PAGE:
Business travelers unite! We know you’re on the road and always on the lookout for ways to make the most of your time. We’re on the hunt for the best business travel tips. How can you get through the JFK airport that much quicker? Or stay safe while you’re on the road? How can you be alert at your meeting, despite your draining red-eye flight? To gather up these tips, we thought we’d look no further than the business travelers here at Concur. Move over, Munich. You’ve got some serious competition in Kuala Lumpur.
From Jakarta to Bangkok, booming business development has executives inking deals in countries that may still struggle socially and economically. The result is an interesting mix of cultural differences, language barriers and quirky business norms that can make business travel in emerging markets hard to navigate.
Bruce Grenfell, Concur’s vice president of security and compliance support services, is an expert in business travel in Asia. After half a decade of business trips – through Malaysia, Thailand, the Philippines, Hong Kong and Singapore – his advice for travelers with Manila on the mind?
Do your homework. “Always research the destination you are traveling to,” says Grenfell. “Know where your embassy is. Every time you travel to an emerging country, it is worth understanding how to behave and what to do to ensure safety.”
The U.S. Department of State’s travel website is a great resource for travel warnings, diplomatic or embassy office locations, safety and medical facility information for every country on earth.
Learn some phrases. Yes, it’s true, international business now functions largely in English. But don't let it lull you to sleep, Westerner: when you travel to Asia for business, a mite of knowledge about local customs will pay great dividends. “Particularly in Asian countries, I’ve found the people are more appreciative and respectful when you attempt to speak their language,” says Grenfell.
Relax – you don’t have to speak it well. But you may be rewarded for the effort later in your business dealings. The most useful phrases to learn? “Please. Thank you. It’s a beautiful country. I like your food. And – the most important – where is the bathroom?” says Grenfell.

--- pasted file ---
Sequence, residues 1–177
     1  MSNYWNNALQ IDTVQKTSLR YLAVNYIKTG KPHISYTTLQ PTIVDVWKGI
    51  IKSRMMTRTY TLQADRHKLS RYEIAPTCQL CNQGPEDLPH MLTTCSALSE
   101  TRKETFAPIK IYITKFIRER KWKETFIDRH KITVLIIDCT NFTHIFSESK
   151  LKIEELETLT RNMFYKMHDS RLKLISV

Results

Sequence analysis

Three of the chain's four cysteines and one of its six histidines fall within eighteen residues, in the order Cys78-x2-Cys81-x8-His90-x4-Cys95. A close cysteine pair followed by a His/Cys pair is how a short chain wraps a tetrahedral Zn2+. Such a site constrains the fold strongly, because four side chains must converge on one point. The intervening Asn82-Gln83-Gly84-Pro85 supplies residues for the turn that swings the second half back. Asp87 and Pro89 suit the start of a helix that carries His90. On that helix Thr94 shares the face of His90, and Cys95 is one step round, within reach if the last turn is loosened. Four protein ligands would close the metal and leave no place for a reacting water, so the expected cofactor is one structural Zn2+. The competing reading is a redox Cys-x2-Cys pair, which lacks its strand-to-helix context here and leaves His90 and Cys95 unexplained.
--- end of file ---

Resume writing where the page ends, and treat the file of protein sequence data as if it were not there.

Lean on a translator. Beyond polite phrases, you may need some help understanding your local peers. Grenfell recommends hiring a translator to ride along with you, particularly when your dealings take you out of big cities and into rural areas where English is definitely uncommon. The language barrier is one of the biggest challenges to working in emerging markets.
Other challenges are cultural. Knowing when to bow, when to avoid eye contact, when to shake hands and when to hug it out are all part of the unique joys of international business travel. But these behaviors vary significantly from country to country in Southeast Asia, and being mindful of cultural norms is an important way to gain respect and open your worldview.
First impressions are crucial. More than most places, image matters in Asia. Looking sharp at a business meeting not only reflects well on you, it also indicates respect for your host. “A business trip to Asia offers the opportunity to cast a critical eye at your wardrobe,” says Grenfell. “Do my socks look good? In Asia it’s common to remove your shoes on entering some rooms – even in offices and restaurants. Make sure your socks are as presentable as your shoes.”
Also ask, is your suit light enough? The weather in most Asian business capitals ranges from balmy to blistering. “Then there’s the humidity,” says Grenfell. “It’s hard to look competent when you’re sweating.”
Finally, will you need a razor? In the West it’s common to see “style icons” like George Clooney wear a tuxedo with a face full of stubble, but Asian businesspeople aren’t much charmed by a five o’clock shadow.“Facial hair is uncommon,” says Grenfell. “Respect your hosts and shave.”